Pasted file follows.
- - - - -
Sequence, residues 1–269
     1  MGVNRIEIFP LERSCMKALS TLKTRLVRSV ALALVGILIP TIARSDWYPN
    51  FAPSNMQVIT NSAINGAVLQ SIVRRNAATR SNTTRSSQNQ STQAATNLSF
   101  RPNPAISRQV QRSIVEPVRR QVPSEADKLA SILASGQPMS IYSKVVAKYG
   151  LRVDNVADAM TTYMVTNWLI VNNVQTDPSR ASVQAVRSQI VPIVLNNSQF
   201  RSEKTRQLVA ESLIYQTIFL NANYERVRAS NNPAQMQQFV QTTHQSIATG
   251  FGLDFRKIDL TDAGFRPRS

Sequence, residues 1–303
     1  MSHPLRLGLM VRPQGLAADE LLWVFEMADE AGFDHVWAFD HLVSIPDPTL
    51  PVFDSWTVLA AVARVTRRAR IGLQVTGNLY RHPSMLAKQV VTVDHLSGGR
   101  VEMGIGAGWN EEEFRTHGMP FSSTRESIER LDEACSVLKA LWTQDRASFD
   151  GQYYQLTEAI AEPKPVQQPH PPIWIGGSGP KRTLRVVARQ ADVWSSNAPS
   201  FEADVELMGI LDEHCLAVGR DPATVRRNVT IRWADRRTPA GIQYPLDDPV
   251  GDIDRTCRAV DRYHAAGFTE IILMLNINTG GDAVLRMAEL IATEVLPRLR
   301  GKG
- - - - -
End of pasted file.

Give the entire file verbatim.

Sequence, residues 1–269
     1  MGVNRIEIFP LERSCMKALS TLKTRLVRSV ALALVGILIP TIARSDWYPN
    51  FAPSNMQVIT NSAINGAVLQ SIVRRNAATR SNTTRSSQNQ STQAATNLSF
   101  RPNPAISRQV QRSIVEPVRR QVPSEADKLA SILASGQPMS IYSKVVAKYG
   151  LRVDNVADAM TTYMVTNWLI VNNVQTDPSR ASVQAVRSQI VPIVLNNSQF
   201  RSEKTRQLVA ESLIYQTIFL NANYERVRAS NNPAQMQQFV QTTHQSIATG
   251  FGLDFRKIDL TDAGFRPRS

Sequence, residues 1–303
     1  MSHPLRLGLM VRPQGLAADE LLWVFEMADE AGFDHVWAFD HLVSIPDPTL
    51  PVFDSWTVLA AVARVTRRAR IGLQVTGNLY RHPSMLAKQV VTVDHLSGGR
   101  VEMGIGAGWN EEEFRTHGMP FSSTRESIER LDEACSVLKA LWTQDRASFD
   151  GQYYQLTEAI AEPKPVQQPH PPIWIGGSGP KRTLRVVARQ ADVWSSNAPS
   201  FEADVELMGI LDEHCLAVGR DPATVRRNVT IRWADRRTPA GIQYPLDDPV
   251  GDIDRTCRAV DRYHAAGFTE IILMLNINTG GDAVLRMAEL IATEVLPRLR
   301  GKG